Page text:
Obama vs. the News Cycle

By Dan Froomkin
2:39 PM ET, 06/23/2009

President Obama, making his most extensive and personal remarks yet condemning the crushing of dissent by the Iranian regime, also stressed today that it's not his job to satisfy the 24-hour news cycle, with its rapacious appetite for conflict and ultimatums, but rather to advance the interests of the country on his own clock.

Responding to insistent questioning at today's press conference from NBC News's Chuck Todd about why he wouldn't "spell out the consequences" for the Iranian government, Obama shot back: "We don't know yet how this thing is going to play out.

"I know everybody here is on a 24-hour news cycle. I'm not. OK?"

And when CBS News's Chip Reid recounted criticism from Republicans including former presidential candidate John McCain that Obama had thus far been timid and weak in his comments about Iran, Obama fired back: "You know, I think John McCain has genuine passion about many of these international issues. And, you know, I think that all of us share a belief that we want justice to prevail.

"But only I'm the president of the United States. And I've got responsibilities in making certain that we are continually advancing our national security interests and that we are not used as a tool to be exploited by other countries."

He added: "I think that in the hothouse of Washington, there may be all kinds of stuff going back and forth in terms of Republican critics versus the administration. That's not what is relevant to the Iranian people.... They're trying to figure out how can they make sure justice is served in Iran."

Obama has often disparaged the short attention spans, the tit-for-tat politics and the endless cable chatter so rampant in Washington.

There were in fact quite a few moments of excitement at today's press conference, something we've rarely seen at these occasions in the past. From reporters, there was a crack likening Obama to Mr. Spock, the over-logical Vulcan from Star Trek, a prying question about his smoking habits -- and a lot of follow-up questions.

For his part, Obama mixed good humor with some sharp retorts.

The most contentious exchange was with Margaret Talev of McClatchy Newspapers. Obama yesterday signed legislation aimed at reducing the number of young people who start smoking -- reigniting the fascination among the White House press corps over whether Obama has well and truly quit his habit.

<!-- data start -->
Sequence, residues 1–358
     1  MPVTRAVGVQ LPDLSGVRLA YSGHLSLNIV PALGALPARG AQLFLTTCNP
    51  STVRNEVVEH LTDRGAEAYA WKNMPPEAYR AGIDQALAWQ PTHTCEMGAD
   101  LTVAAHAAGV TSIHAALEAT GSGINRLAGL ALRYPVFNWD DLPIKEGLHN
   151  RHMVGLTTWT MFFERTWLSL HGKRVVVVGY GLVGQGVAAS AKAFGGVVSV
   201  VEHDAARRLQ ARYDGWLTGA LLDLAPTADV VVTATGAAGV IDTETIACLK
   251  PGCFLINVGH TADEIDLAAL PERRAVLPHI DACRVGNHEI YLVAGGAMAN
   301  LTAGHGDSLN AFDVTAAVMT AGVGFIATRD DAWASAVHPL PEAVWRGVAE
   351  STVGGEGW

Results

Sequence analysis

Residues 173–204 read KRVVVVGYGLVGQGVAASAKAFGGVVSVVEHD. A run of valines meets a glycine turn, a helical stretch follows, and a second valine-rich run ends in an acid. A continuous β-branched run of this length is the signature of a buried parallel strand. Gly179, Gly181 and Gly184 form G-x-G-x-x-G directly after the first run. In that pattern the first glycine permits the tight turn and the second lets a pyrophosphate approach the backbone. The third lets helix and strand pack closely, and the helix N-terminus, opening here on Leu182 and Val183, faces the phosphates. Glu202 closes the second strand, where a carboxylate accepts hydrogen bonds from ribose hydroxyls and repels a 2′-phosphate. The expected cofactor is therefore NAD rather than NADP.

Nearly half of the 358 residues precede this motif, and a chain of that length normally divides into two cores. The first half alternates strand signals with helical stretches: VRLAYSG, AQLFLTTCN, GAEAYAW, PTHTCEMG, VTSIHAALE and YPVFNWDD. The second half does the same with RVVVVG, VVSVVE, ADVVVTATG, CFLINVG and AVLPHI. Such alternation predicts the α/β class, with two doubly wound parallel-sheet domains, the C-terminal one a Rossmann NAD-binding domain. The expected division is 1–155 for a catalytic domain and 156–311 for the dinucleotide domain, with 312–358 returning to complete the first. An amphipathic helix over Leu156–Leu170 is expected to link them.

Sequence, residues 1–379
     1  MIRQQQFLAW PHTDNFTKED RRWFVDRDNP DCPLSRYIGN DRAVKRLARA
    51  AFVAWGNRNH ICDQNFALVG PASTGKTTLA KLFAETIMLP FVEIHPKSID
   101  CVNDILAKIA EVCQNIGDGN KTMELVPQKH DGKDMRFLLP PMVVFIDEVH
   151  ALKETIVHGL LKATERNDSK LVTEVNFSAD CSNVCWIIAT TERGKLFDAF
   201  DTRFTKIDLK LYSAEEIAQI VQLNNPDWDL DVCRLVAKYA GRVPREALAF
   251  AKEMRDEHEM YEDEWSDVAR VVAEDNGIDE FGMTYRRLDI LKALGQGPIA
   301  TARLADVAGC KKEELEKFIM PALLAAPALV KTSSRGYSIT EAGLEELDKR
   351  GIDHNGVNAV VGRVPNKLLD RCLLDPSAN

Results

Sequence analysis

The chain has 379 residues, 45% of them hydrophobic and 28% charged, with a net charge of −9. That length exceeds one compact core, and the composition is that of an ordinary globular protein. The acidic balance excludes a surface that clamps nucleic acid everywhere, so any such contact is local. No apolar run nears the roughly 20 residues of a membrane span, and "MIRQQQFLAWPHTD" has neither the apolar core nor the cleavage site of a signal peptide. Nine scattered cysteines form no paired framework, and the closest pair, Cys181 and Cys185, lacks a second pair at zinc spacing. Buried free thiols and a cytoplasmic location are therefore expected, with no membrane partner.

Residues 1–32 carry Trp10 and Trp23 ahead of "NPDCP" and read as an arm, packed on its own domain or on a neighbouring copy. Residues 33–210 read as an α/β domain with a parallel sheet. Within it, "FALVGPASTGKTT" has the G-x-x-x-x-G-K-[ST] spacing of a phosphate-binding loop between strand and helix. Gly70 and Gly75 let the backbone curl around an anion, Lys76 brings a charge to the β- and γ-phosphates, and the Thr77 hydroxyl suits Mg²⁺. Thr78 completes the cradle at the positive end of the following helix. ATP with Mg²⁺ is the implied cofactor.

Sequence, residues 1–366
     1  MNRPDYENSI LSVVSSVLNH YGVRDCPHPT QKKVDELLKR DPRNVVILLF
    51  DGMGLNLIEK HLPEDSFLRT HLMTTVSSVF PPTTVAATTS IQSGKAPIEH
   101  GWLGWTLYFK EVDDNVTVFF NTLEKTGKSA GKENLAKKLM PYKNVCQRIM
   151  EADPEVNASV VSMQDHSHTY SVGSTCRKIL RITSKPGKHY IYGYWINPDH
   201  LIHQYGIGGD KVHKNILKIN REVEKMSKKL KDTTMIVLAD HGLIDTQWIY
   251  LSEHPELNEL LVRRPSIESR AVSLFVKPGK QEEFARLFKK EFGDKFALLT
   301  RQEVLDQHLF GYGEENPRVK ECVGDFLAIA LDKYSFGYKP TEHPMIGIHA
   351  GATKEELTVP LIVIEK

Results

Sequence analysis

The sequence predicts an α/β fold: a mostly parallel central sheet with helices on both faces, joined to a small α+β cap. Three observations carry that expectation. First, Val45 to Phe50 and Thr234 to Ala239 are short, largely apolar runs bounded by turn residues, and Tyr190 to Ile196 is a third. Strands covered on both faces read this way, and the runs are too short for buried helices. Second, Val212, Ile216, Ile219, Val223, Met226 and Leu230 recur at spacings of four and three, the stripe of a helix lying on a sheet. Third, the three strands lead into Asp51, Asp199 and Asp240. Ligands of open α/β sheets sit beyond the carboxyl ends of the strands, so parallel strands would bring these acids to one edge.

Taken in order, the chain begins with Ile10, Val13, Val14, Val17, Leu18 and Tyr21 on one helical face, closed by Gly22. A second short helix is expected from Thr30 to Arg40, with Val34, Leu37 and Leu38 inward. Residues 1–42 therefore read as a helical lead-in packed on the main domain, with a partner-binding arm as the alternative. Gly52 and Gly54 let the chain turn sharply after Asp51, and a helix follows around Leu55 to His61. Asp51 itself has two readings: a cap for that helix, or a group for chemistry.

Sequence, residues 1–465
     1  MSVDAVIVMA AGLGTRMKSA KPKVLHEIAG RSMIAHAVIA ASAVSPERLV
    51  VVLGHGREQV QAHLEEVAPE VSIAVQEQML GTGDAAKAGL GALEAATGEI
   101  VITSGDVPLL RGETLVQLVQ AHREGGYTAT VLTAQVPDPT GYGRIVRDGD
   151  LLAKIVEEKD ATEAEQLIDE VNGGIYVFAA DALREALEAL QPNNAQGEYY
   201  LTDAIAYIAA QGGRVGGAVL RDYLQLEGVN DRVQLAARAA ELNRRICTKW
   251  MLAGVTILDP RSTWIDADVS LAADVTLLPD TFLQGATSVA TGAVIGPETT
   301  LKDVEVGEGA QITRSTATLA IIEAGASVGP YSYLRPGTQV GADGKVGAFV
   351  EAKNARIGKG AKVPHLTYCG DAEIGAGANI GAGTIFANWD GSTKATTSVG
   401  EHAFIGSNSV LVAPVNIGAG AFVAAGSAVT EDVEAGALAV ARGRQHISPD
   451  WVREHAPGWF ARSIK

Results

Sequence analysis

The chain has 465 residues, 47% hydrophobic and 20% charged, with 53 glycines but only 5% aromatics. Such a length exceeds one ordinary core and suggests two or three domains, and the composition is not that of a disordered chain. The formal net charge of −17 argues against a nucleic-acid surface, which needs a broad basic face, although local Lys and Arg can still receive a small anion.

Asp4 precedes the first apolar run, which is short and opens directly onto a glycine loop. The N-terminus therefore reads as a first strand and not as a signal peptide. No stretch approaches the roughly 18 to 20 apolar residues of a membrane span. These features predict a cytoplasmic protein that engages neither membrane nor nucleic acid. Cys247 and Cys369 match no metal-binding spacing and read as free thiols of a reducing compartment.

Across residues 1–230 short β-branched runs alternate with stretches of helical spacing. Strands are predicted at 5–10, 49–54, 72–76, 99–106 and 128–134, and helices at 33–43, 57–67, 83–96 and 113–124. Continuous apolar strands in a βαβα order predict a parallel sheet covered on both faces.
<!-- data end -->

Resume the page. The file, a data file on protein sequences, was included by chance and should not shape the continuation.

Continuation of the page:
"How many cigarettes a day do you now smoke? Do you smoke alone or in the presence of other people? And do you believe the new law should help you to quit? If so, why?" Talev asked.

"Well, the -- first of all, the new law that was put in place is not about me. It's about the next generation of kids coming up. So I think it's fair, Margaret, to just say that you just think it's neat to ask me about my smoking as opposed to it being relevant to my new law.

"But that's fine. I understand. It's an interesting human -- it's an interesting human interest story.

"Look, I've said before that as a former smoker I constantly struggle with it. Have I fallen off the wagon sometimes? Yes. The -- am I a daily smoker, a constant smoker? No. I don't do it in front of my kids. I don't do it in front of my family. And, you know, I would say that I am 95 percent cured. But there are times where -- (LAUGHTER). There are times where I mess up. And I mean, I've said this before. I get this question about once every month or so. And, you know, I don't know what to tell you, other than the fact that, you know, like folks who go to A.A., you know, once you've gone down this path, then, you know, it's something you continually struggle with, which is precisely why the legislation we signed was so important, because what we don't want is kids going down that path in the first place.


Obama signaled his defiance of the traditional Washington media early on -- by going off the grid to call on Nico Pitney, a Huffington Post editor, for his second question Pitney has has been liveblogging the Iranian uprising as it plays out on the Internet.

"I know that you and all across the Internet, we've been seeing a lot of reports coming directly out of Iran," Obama said. "I know that there may actually be questions from people in Iran who are communicating through the Internet. Do you have a question?" Pitney did.

In response to a question from CNN's Suzanne Malveaus about the "shocking video" of an Iranian woman shot in the chest and bleeding to death in the street (embedded below), Obama said he had seen it, and found it "heartbreaking. It's -- it's heartbreaking. And I think that anybody who sees it knows that there's something fundamentally unjust about that."